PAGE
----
II.

2029. The project team of MaibornWolff and pilot Hamburg planned the next step: With S.T.E.P—the Seamless Travel Experience Platform—mobility and entertainment/information are individually tailored to the user. Instead of having to actively choose from countless options how to get from A to B and which content can be consumed on the way, a digital twin creates situationally optimal decision bases for seamless travel planning. The blockchain-based application already developed promises all-in-one processing. In a planning horizon of about five to 10 years, app chaos on smartphones will then be as much a thing of the past as login madness. Through a public-private ownership model, in which the public sector acts as a regulator, a critical mass of services and users* can be aggregated, which can fully keep an eye on the optimisation of passenger transport, independent of the economic success of individual providers.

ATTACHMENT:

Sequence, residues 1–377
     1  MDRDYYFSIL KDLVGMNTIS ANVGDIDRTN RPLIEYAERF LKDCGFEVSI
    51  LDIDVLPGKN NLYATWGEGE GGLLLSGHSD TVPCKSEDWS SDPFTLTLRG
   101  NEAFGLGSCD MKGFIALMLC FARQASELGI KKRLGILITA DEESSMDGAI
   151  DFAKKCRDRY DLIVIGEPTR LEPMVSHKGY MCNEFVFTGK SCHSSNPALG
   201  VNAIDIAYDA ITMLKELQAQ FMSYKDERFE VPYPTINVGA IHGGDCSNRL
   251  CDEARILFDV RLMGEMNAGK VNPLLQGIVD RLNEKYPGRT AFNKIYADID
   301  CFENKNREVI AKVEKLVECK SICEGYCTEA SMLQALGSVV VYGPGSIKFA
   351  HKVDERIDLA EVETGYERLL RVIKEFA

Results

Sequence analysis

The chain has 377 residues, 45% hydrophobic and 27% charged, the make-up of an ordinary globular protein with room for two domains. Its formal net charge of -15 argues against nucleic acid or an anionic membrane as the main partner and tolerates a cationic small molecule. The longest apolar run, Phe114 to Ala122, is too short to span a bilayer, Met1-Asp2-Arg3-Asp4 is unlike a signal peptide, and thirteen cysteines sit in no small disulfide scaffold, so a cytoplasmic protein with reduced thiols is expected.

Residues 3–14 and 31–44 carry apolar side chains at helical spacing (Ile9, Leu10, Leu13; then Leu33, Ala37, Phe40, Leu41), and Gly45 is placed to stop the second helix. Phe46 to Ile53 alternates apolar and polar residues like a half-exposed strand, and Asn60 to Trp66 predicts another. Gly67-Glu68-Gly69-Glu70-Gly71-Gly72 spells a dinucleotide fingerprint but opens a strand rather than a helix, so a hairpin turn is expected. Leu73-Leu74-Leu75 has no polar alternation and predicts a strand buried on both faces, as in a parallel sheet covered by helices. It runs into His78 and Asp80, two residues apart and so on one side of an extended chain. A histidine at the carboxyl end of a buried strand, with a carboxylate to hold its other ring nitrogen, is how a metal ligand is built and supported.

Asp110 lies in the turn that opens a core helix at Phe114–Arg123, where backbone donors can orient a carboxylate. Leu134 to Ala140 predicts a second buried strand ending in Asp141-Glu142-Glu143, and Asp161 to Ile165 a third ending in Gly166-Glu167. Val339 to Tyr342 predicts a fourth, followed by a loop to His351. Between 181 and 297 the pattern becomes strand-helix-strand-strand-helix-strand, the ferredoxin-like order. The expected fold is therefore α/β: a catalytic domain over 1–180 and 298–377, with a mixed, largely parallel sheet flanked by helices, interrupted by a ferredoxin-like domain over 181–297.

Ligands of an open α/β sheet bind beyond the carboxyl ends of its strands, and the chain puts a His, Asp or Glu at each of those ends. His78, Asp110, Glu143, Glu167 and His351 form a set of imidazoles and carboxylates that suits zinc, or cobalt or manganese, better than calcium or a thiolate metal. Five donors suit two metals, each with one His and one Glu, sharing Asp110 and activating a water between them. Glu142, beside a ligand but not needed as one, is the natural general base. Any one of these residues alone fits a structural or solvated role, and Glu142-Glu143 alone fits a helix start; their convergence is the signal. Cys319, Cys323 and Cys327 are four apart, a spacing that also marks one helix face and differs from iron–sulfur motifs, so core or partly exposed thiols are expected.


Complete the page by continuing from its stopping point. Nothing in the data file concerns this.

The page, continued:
III.

2034. What’s next? How do we envision mobility and content when blockchain technologies and AI-supported systems have long since become part of our everyday lives and our data precedes our decisions? Representatives from NDR, Axel Springer, HOCHBAHN, IAV, ITS Hamburg 2021 and Wunder Mobility give us an impression of this in their concept of experiential mobility. In the sense of a pre-prototype, the team developed a vision of mobility in a time horizon of about 15 years, which considers social (e.g. environmental protection, education), political (e.g. data sovereignty), technological (e.g. autonomous driving, artificial intelligence as technology serving people, digital identity) and individual aspects (e.g. consumption, convenience) in equal measure and integrates them into product and service scenarios.

The vision, spoken by ARD news anchor Michail Paweletz, is publicly available here.